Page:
by Tara K. E. Brelinsky
Hours before my children and I sat beneath the hot July 4th sky and watched fireworks boom overhead, I read to them from Our United States of America, Catholic Social Studies. Specifically, I read aloud a short biography on St. John Neumann, the fourth bishop of Philadelphia. Providentially, we detected an unexpected connection between our history lesson and Independence Day. Namely, we discovered that Bishop Neumann understood the real price of freedom.
According to our history book, a young John Neumann came from Prague, Bohemia, in 1836, with the intention of following in the missionary shoes of St. Paul. Newly ordained, Fr. Neumann came to America, a country less than 100 years into its independence.
A Bishop for Philadelphia
He spent his early years ministering to German immigrants and Native Americans in New York and Maryland. From 1842-1849, he worked tirelessly with the Redemptorists, a congregation of missionary priests and brothers. Father also supported a group of black nuns in their mission to teach, in spite of the fact that slavery was still legal in Maryland.
Then, in 1852, at 41 years of age, Pope Pius IX named him as Bishop of Philadelphia. The diocese at that time covered an extensive area, including parts of Pennsylvania, New Jersey and Delaware. Today, that area is divided into five dioceses.
Hold the Parade and the Shoes
Our textbook told the story about the poverty-stricken German, Irish and Italian Catholics within the Philadelphia diocese, who planned to throw a parade in honor of their new bishop. However, Bishop Neumann wouldn’t hear of it. He requested that the parade be canceled and the money used to build a Catholic school.
Another tale recalled how Bishop Neumann wore the same pair of boots for most of his priestly life. Though they were worn thin in the years since he emigrated from Bohemia, he refused to purchase new shoes. Rather, he believed that the meager amount of funds his poor diocese collected should only be used to care for his people, not himself.
A Legacy Looms Large
Though Bishop Neumann died unexpectedly of a heart attack in 1860, only 8 years after his appointment, his legacy looms large. During his brief time as bishop, he lived out his missionary vocation. He reached his people by traveling throughout the diocese to celebrate Masses and hear confessions. Already able to speak German, he learned Italian and Irish, too, so that language wouldn’t be a barrier between his flock and himself.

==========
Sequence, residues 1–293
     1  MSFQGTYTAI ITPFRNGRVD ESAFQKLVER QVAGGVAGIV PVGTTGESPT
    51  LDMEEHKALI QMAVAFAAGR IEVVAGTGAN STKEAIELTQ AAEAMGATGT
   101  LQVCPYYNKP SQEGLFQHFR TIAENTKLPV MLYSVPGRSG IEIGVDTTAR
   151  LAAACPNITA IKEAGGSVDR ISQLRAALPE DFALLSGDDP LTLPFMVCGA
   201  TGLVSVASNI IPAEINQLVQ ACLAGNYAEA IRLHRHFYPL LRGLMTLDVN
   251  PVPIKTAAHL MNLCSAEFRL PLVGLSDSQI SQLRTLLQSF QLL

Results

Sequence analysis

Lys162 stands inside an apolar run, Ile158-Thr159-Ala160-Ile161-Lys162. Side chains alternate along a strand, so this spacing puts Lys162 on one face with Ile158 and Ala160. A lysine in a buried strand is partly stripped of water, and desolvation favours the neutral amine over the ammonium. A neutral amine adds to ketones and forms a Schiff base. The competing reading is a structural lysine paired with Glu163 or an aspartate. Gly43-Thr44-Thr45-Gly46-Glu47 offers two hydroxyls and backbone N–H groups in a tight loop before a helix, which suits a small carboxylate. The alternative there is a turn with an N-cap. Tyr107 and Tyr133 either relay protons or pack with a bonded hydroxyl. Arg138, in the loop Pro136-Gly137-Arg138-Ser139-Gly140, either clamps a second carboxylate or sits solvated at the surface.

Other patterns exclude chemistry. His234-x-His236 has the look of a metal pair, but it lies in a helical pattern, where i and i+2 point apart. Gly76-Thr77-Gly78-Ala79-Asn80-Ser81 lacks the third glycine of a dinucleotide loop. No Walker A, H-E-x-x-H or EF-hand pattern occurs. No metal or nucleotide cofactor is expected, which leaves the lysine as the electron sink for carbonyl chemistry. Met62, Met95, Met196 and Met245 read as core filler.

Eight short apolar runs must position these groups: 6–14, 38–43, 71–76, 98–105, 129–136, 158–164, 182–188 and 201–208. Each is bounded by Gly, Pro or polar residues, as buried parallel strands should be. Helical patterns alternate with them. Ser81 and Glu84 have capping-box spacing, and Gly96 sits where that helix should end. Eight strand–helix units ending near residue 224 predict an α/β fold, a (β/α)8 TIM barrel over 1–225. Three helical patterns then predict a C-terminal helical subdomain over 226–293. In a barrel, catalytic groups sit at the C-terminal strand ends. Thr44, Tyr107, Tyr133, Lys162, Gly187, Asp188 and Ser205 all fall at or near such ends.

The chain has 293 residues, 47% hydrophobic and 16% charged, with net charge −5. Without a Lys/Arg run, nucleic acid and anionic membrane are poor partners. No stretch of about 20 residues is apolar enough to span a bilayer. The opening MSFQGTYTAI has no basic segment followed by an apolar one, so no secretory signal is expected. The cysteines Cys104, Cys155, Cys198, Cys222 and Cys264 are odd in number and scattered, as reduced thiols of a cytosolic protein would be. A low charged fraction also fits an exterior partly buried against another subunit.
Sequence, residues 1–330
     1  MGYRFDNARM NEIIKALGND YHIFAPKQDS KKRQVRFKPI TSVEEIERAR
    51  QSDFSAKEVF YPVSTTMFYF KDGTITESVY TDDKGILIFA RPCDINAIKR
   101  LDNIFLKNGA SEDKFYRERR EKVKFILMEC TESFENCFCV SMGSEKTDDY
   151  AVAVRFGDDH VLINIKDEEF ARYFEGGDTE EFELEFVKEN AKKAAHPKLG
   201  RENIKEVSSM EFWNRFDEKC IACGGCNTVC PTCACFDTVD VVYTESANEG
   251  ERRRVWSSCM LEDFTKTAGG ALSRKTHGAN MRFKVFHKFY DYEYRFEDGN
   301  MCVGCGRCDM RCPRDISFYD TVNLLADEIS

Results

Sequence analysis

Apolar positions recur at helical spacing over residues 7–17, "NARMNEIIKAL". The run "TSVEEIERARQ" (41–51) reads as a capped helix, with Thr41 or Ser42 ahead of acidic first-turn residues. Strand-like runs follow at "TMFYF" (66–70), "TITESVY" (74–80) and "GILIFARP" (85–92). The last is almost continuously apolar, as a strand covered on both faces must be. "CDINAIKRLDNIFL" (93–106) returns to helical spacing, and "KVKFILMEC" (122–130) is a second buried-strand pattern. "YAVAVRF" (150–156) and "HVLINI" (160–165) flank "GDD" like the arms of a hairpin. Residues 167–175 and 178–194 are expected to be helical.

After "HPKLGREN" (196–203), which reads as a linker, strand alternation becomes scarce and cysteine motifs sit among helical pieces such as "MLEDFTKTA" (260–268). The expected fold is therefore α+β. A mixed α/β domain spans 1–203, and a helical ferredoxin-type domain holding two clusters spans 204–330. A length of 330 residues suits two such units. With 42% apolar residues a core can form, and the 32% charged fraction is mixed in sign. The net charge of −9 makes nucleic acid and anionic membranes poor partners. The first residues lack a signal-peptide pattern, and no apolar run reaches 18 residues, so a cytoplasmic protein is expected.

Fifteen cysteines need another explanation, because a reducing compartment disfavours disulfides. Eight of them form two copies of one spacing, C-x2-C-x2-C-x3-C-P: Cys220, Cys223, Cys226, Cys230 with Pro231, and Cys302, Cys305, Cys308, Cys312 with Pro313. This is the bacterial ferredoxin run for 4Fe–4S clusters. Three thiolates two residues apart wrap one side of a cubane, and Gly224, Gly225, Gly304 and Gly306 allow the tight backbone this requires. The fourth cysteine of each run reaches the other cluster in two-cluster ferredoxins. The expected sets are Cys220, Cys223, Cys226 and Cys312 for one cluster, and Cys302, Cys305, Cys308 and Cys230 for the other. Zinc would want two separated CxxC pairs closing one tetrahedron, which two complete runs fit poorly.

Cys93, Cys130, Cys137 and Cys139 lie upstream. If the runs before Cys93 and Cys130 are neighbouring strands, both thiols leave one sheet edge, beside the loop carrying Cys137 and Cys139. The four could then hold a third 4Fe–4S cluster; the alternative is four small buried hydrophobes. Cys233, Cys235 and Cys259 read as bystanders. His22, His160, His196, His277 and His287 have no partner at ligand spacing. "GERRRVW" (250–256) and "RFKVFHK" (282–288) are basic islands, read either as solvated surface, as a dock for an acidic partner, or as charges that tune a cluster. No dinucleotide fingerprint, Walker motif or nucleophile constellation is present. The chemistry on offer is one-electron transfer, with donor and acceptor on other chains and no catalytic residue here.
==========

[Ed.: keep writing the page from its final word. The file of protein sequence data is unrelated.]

In spite of opposition from anti-Catholic groups like the Know-Nothings, Bishop Neumann succeeded in creating a Catholic school system in America with more than 200 schools. He also built hospitals, orphanages, convents, and 89 churches.
He was close to the sick, he loved to be with the poor, he was a friend of sinners, and now he is the glory of all emigrants.- Pope Paul VI in the homily at St. Neumann’s canonization
The Price of Freedom
Our founding fathers understood the price of freedom. When they penned The Declaration of Independence, they knew it was just the beginning for America.
It was not enough to simply state, “We hold these truths to be self-evident, that all men are created equal, that they are endowed by their Creator with certain unalienable Rights, that among these are Life, Liberty and the pursuit of Happiness.”
In order to secure those Rights for all, they had to be willing to sacrifice. “And for the support of this Declaration, with a firm reliance on the protection of Divine Providence, we mutually pledge to each other our Lives, our Fortunes, and our sacred Honor.”
The Source of Our Strength
Reading about St. John Neumann, on the occasion of Independence Day, my children and I were reminded that true freedom and independence are not found in personal gains and self-interest. True freedom is pouring oneself out for the sake of others, of loving others as Christ loves.
America’s founders and saints knew that our country’s real strength lies in our ability to recognize the dignity of every individual and our willingness to selflessly defend that dignity. What a great blessing it is to be both an American and a Catholic!
Shrine of an American Bishop
If you’re planning a trip near Philadelphia, Pennsylvania, consider making a stop at the Shrine of St. John Neumann. Though the saint is not incorrupt, his remains are on display for veneration. While you’re there, why not take a moment to offer a prayer for America and the many people who come to her seeking true freedom.
Passion of Christ, Strengthen Me. –St. John Neumann’s motto